Having made a name for itself on the film festival circuit, Aftersun finally has a trailer that promises complex parent-child relationships, struggles around growing-up and grappling with what it means to reflect on memories that mean so much to us.
Normal People breakout star Paul Mescal is set to return to our screens, this time as a struggling father seen through the eyes of his daughter.
Film festival frontrunner Aftersun stars Mescal as Calum, father to 11-year old Sophie (Frankie Corio), and follows the relationship between the two that is retrospectively explored by Sophie’s adult self (Celia Rowlson-Hall) through real and imagined memories.
The film is directed and written by Scottish filmmaker Charlotte Wells, who is a regular on the festival circuit with work such as Laps, Tuesday and Blue Christmas.
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Aftersun focuses on Sophie recalling a holiday she took with her father 20 years earlier as she comes to grips with the man she knows now and the man she knew then. Between Sophie’s oncoming transition into adulthood and Calum’s struggles to cope with juggling both parenthood and the demands of life, their holiday serves as a significant and meaningful memory for Sophie now.
Incorporating video camera footage to play on the gap between memory and fantasy, the long-awaited trailer shows us a glimpse of what is likely to be a complicated but warm relationship between Calum and Sophie as they spend time together on what would be their last holiday in Turkey. They frolic in the swimming pool, play on the beach, and Sophie experiences some classic dad-induced embarrassment after watching him showcase his dance moves.
While the father-daughter relationship is at the forefront of Aftersun, it seems that there may also be some exploration of themes surrounding the end of adolescence and what it means to move on.
“There’s this feeling once you leave where you were from,” Calum tells Sophie, “that you don’t totally belong there again.”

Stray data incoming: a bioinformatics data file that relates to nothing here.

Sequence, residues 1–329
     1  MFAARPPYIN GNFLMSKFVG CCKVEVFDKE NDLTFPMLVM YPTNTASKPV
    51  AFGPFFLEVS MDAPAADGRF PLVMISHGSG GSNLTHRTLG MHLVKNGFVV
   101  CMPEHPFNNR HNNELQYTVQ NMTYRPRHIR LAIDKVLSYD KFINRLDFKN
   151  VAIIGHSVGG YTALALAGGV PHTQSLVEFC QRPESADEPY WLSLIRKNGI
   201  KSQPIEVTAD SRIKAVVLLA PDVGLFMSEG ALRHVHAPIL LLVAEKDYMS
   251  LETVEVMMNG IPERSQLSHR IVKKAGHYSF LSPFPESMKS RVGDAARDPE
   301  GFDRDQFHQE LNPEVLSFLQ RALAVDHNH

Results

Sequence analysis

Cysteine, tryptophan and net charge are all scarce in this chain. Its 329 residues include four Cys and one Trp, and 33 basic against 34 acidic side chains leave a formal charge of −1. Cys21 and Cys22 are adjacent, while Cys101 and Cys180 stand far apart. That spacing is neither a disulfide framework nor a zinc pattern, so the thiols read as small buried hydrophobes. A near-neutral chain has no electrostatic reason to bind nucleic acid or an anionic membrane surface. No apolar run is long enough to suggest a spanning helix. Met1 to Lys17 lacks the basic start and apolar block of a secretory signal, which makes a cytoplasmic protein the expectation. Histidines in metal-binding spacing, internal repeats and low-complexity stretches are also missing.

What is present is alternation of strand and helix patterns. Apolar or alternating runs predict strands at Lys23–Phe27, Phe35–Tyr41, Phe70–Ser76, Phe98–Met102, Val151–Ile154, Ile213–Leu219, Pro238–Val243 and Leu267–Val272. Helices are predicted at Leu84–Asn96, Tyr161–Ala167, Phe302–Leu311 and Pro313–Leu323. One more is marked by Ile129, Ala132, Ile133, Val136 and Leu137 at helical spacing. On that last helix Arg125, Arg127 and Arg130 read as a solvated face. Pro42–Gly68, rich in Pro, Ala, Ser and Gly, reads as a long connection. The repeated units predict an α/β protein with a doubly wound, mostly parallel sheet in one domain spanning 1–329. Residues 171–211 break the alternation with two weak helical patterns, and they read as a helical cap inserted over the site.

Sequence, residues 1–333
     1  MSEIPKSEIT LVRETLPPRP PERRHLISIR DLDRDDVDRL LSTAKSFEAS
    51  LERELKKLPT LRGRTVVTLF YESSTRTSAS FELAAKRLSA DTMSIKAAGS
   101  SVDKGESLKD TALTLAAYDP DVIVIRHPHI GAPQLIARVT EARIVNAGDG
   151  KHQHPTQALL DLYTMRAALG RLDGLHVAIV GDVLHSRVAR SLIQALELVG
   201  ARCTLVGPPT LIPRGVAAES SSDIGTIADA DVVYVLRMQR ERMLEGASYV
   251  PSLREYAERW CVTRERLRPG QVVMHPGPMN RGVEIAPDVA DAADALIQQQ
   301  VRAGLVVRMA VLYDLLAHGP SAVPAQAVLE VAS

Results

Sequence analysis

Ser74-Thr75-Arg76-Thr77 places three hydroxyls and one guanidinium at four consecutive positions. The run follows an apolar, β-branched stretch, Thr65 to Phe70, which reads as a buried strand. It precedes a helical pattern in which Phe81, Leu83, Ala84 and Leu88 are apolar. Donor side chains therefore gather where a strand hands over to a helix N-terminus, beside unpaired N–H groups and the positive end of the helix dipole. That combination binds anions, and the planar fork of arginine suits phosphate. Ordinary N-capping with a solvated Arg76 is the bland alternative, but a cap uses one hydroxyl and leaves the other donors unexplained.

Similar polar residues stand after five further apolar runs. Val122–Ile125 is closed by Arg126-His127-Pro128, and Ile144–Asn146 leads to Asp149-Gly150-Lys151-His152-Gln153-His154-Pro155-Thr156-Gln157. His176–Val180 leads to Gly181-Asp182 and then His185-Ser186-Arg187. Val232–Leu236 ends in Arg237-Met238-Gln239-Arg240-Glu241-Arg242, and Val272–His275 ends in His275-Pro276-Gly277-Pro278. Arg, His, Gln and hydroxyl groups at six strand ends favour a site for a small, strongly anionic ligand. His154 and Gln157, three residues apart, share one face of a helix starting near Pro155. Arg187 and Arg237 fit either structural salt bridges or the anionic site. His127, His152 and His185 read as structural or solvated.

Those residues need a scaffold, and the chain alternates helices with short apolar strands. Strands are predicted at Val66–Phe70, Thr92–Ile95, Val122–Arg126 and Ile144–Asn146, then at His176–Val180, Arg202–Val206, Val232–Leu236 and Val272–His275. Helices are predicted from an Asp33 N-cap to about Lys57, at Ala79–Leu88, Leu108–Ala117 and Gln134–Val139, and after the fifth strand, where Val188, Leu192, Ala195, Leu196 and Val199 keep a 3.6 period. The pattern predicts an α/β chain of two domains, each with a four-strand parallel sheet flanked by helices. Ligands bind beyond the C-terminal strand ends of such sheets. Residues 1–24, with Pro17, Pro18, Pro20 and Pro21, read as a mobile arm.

With the trailer portraying something so honest and thoughtful, it’s not hard to assume that Aftersun might be based on real life events, but Wells says that the story was merely inspired by reality.
“The original idea was a young father with his daughter on holiday. That was definitely always the core of it,” she told Deadline. “I think it was inspired by just flipping through old family photographs, and it coincided with the point at which I was thinking about what my first feature might be.”
Steering away from the familiar and perhaps clichéd route of exploring a negative father-daughter relationship, Aftersun looks to dig deeper into the complexities of love, parenthood and what we experience versus what we remember. It also studies a father figure who is battling with troubles but also maintains a sense of devotion.
“He’s separated from his wife and he’s an excellent father, which I think was hugely important to the film and what drew me to it,” Mescal said of his character, Calum. “But he’s kind of battling his own demons, too, throughout the course of the film.”
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The film has already made its mark at Toronto International Film Festival and Cannes alike, creating a wave of praise and anticipation.
“[Charlotte Wells] just lets her movie unspool naturally, like a haunting and deceptively simple short story,” according to The Guardian’s review.
“[Paul Mescal] inhabits the part with a compelling tension between awkward and assured, recalling his charismatic breakout performance in Normal People, and lending his work a similar mix of athletic physicality, genial openness and emotional camouflage,” said Hollywood Reporter.
Tissues at the ready, then, for what’s set to be a highly personal and sincere story, with joy and melancholy woven together to take audiences through a complicated and poignant father-daughter relationship.
Aftersun is set to be released in UK cinemas nationwide on 21 October.
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